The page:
Finally, referring to FIG. 7, a third embodiment of the clinch fastener is indicated generally 90 and is formed in the same manner as the fasteners 30 and 60 previously described. Now, however, rather than having one or more inwardly extending short prongs 92 formed between adjacent, outwardly extending longer prongs 94, a short prong is formed only between every other adjacent pair of prongs 94. In this embodiment, therefore, while fastener 90 has six prongs 94 formed at its open end, it only has three prongs 92 extending from the open end of fastener body 96.
What has been described is a clinch fastener to attach the binder ring mechanism of a binder to a spine portion thereof. The fastener has a closed end cylindrical body with the closed end being a deformable surface deformed to attach the fastener to the binder ring mechanism. The fastener has two separate sets of prongs formed at the opposite, open end of the body. The first set of prongs extend through the spine backing material and have spurs formed on their ends to grip the material. The second set of prongs are each shorter than prongs of the first set and are formed intermediate the prongs comprising the first set. While the first set of prongs bend outwardly from the fastener body, the second set of prongs bend inwardly. By providing a fastener with two sets of oppositely extending prongs, the binder ring mechanism, when attached to the binder spine, is better able to withstand pulling and twisting forces which tend to separate the two. Not only is the fastener better able to withstand these forces than a conventional fastener having a plate from one side of which a post extends and from the other side of which prongs extend, but also a clinch fastener having only one set of prongs.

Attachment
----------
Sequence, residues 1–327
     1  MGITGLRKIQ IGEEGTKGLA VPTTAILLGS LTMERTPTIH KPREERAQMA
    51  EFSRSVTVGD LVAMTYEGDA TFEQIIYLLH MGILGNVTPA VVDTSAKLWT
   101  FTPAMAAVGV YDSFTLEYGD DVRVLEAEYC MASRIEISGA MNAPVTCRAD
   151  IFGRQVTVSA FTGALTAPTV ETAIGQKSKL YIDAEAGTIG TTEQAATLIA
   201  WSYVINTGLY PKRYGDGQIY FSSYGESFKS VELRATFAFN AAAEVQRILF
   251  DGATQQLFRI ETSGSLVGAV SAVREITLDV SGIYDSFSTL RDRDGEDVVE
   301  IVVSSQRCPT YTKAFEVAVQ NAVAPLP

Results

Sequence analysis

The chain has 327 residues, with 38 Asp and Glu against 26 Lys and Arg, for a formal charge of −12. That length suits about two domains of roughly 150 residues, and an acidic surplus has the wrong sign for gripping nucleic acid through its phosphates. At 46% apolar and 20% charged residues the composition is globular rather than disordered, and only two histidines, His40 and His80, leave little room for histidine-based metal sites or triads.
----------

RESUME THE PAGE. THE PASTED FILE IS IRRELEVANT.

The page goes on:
In view of the foregoing, it will be seen that the several objects of the invention are achieved and other advantageous results are obtained.
As various changes could be made in the above constructions without departing from the scope of the invention, it is intended that all matter contained in the above description or shown in the accompanying drawings shall be interpreted as illustrative and not in a limiting sense.
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|US7654765||Jun 8, 2006||Feb 2, 2010||World Wide Stationary Mfg. Co., Ltd.||Ring binder having a clip|
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|US20040091304 *||Nov 7, 2002||May 13, 2004||Whaley Paul A.||Ring metal shield for use with concealed fastener|
|US20050135871 *||Dec 19, 2003||Jun 23, 2005||Hong Kong Stationery Manufacturing Co., Ltd.||Ring binder mechanism with pronged metal anchors|
|US20070048073 *||Aug 31, 2005||Mar 1, 2007||Cheng Hung Y||Ring binder having a clip|
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|U.S. Classification||402/26, 402/36, 402/80.00R, 402/75, 402/31|
|Jan 13, 2001||AS||Assignment|
|Jul 7, 2003||AS||Assignment|
|Dec 14, 2005||REMI||Maintenance fee reminder mailed|
|Apr 4, 2006||FPAY||Fee payment|
Year of fee payment: 4
|Apr 4, 2006||SULP||Surcharge for late payment|
|Nov 30, 2009||FPAY||Fee payment|
Year of fee payment: 8
|Sep 18, 2013||FPAY||Fee payment|
Year of fee payment: 12